the catheter was inserted, you should lie down, apply pressure to the site and call your
physician. Any change in color in your leg, pain, or a warm feeling in the area where the
catheter was inserted should be reported to your physician.

You should be able to return to your normal routine by the following week.

If a stent was placed in your artery, you will be asked to take aspirin or another anti-platelet
drug daily; in some cases you may be given another blood-thinning medication in addition to
the anti-platelet medication. Blood tests will be done at frequent intervals during this period
to make sure you are being treated but not over treated. Magnetic Resonance Imaging (MRI)
can probably be done immediately following stent placement, but make sure that you notify
the MRI department that you recently had a stent. Metal detectors will not affect a stent.

Who interprets the results and how do I get them?

The interventional radiologist will judge the results of the angioplasty and stent placement by
comparing the pre- and post-procedure angiograms. If any narrowing remains in the artery,
it should not be greater than 30 percent of the normal vessel diameter. The results of your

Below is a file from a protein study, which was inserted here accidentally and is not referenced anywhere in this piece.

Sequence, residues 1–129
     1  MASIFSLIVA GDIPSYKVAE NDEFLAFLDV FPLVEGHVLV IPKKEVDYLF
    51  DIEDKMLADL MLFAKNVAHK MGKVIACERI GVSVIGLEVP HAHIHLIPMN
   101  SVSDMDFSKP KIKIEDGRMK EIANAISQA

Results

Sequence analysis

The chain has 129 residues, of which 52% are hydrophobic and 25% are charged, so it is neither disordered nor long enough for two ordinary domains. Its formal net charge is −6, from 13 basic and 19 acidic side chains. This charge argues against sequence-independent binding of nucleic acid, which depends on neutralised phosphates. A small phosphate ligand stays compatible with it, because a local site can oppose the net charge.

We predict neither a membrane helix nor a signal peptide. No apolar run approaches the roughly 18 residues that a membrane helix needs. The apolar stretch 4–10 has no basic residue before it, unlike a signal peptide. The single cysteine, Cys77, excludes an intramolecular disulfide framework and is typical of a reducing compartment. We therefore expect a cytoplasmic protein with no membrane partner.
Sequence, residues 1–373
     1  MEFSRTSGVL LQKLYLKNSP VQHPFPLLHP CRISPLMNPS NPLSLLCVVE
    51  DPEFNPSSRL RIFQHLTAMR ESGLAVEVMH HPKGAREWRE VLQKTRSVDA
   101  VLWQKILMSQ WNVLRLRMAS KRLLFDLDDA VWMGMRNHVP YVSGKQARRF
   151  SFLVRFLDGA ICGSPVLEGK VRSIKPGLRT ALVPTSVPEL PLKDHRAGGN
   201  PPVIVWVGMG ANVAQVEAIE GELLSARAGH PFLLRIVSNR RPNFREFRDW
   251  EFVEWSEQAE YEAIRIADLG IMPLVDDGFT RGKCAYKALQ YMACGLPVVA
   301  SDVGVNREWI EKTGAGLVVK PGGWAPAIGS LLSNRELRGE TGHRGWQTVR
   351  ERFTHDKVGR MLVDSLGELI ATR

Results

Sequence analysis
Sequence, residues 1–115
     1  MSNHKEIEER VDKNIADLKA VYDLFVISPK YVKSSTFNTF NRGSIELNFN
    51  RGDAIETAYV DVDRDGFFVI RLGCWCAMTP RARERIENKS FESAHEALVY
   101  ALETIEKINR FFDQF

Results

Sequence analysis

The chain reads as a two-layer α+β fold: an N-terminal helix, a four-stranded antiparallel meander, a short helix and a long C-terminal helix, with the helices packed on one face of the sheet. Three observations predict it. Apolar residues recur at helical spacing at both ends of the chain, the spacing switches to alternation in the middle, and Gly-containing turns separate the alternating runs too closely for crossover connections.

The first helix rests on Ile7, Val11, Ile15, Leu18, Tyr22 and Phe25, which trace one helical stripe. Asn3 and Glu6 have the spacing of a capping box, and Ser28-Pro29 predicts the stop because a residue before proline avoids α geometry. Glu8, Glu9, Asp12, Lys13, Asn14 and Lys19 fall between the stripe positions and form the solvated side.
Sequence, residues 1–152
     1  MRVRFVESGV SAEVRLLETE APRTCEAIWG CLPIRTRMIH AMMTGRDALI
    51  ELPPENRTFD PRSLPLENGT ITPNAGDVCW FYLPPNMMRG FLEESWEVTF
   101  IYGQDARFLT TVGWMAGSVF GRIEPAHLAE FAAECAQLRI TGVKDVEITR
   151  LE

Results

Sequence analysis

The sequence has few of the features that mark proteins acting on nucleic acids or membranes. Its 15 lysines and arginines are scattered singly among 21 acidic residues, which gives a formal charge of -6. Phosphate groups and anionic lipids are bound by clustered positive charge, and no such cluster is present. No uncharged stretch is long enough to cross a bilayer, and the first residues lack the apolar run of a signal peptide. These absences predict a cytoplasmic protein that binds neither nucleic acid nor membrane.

procedure will be available immediately following the procedure.

If your angioplasty was performed on an artery leading to the kidneys to treat renal vascular
hypertension, a decline in blood pressure should occur in one to four weeks.

What are the benefits vs. risks?

        Compared to surgical interventions such as bypass surgery, balloon angioplasty and
        stent placement are much less invasive and relatively low-risk, low-cost procedures.

        These procedures are performed using local anaesthesia; no general anaesthetic is
        required.

        No surgical incision is needed—only a small nick in the skin that does not have to be
        stitched closed.

        You will be able to return to your normal activities shortly after the procedure.

Risks